Adjustments with defense and personnel didn’t seem to effect McNary offensively in the second period. A put-back hoop from Smith, followed by a baseline fadeaway jumper from Oliveira and a three-point play by Meithof allowed McNary to stay on top 26-19.
The Celtics extended their lead to double-digits after Smith muscled in a pair of buckets deep in the paint late in the second quarter, giving the senior post 14 points for the half.
“It’s always a point-of-emphasis to get the ball inside,” Smith said. “I thought we did a good job with our spacing.”
McNary kept the momentum going to start the third quarter as a runner from Villareal and a 3-pointer from the corner by Meithof helped McNary stay on top by double-figures midway through the third period.
But West Salem came roaring back to tie the game with a 10-0 run thanks to four second-chance buckets.
The Titans even grabbed their first lead since the opening minutes of the first quarter moments later, but Villareal ended the third period with a floater to tie the game at 46.
Villareal then started the final quarter with a three-point play, which was followed by a jump-hook from Smith to put McNary on top 51-46. West Salem, however, came back to re-take the lead with a 6-0 run.
The back-and-forth play continued for the remainder of the period as the Celtics were able to capture the lead once again after Smith hit a tough jumper to make it 55-54.
After a defensive stop by McNary, Smith was then fouled on the other end and sent to the foul line with 1:27 to go. Smith, however, was only able to hit one of his two shots, which allowed West Salem guard Kieran Pruett to tie the game on the Titans next possession with 1:15 remaining.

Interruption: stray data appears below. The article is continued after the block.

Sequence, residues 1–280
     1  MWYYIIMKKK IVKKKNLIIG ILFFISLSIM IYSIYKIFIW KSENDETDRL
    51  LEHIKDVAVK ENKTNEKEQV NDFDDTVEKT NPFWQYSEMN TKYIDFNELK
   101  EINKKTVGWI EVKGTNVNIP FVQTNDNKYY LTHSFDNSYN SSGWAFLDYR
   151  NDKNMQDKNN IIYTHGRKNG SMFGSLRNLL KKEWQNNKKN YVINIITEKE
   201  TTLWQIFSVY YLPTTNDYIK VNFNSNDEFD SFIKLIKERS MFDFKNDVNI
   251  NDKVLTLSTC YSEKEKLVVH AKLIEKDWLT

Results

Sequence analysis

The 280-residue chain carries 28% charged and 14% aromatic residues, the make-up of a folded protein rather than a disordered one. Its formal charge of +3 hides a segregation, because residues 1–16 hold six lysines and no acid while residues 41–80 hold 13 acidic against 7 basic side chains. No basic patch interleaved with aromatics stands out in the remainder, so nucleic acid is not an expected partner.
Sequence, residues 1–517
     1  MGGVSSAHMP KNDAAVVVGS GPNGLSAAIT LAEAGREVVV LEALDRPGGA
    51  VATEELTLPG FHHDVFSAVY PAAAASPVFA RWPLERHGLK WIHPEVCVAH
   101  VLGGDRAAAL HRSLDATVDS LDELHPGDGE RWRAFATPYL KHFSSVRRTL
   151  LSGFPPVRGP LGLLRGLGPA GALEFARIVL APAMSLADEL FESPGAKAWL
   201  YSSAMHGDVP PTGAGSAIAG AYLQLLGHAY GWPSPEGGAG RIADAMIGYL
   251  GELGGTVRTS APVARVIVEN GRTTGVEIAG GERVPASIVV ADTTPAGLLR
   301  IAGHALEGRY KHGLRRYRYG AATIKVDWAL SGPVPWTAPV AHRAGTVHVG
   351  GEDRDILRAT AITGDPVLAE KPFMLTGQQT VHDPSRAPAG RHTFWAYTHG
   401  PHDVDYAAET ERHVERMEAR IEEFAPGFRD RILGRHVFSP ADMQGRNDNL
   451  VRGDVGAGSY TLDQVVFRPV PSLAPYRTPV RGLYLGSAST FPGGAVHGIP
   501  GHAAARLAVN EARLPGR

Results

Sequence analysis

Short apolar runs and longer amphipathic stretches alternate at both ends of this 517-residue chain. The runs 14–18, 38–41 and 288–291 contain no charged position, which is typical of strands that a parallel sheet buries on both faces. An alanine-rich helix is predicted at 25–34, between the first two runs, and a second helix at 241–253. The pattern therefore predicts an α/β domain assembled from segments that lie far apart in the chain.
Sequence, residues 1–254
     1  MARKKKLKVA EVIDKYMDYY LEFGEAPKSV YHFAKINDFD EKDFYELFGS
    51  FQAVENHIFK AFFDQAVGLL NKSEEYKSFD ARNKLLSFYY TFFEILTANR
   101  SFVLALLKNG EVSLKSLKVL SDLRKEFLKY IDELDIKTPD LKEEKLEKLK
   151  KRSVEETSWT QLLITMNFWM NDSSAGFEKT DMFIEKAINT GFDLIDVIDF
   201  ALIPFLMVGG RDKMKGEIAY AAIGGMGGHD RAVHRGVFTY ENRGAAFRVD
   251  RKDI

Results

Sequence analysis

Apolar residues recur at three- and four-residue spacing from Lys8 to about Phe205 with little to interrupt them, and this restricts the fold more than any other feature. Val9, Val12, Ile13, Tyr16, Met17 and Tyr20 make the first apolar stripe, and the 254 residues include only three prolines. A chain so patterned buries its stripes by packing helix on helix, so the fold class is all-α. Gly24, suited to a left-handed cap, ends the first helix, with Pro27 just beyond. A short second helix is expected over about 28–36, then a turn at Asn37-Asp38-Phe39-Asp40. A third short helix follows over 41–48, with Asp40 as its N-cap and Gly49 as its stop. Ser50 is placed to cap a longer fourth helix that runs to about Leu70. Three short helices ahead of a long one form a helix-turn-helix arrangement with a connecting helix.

Kirch wanted his team to hold for the final shot, so after stalling for just over a minute, the McNary head coach called timeout and drew up a play for Meithof.
“They were really packing the paint on Boston and I was concerned with getting him the ball in the right spot,” Kirch said. “We had turned it over three times in the last four minutes trying to enter it into (Smith). We tried to put (Meithof) in a pick and roll situation to draw his defender out and open up a driving lane.”
Meithof caught the ball on the inbounds and started to make his move. But after trying to use a screen from Smith, Meithof spun into a double-team and had the ball stolen by Scoggin, who then took off in the other direction with the intent of scoring the winning bucket.
Oliveira was the last line of defense for the Celtics, but Scoggin just got around him to put in a nifty scoop shot off the glass as the buzzer sounded, sending West Salem off to victory.
Kirch took full responsibility of what took place during the final play.
“I need to put my players in the best position to make plays, and I didn’t do that in the final moments,” Kirch said. “That’s on me. I’m so proud of how hard our kids played, competed for each other, and represented our program.”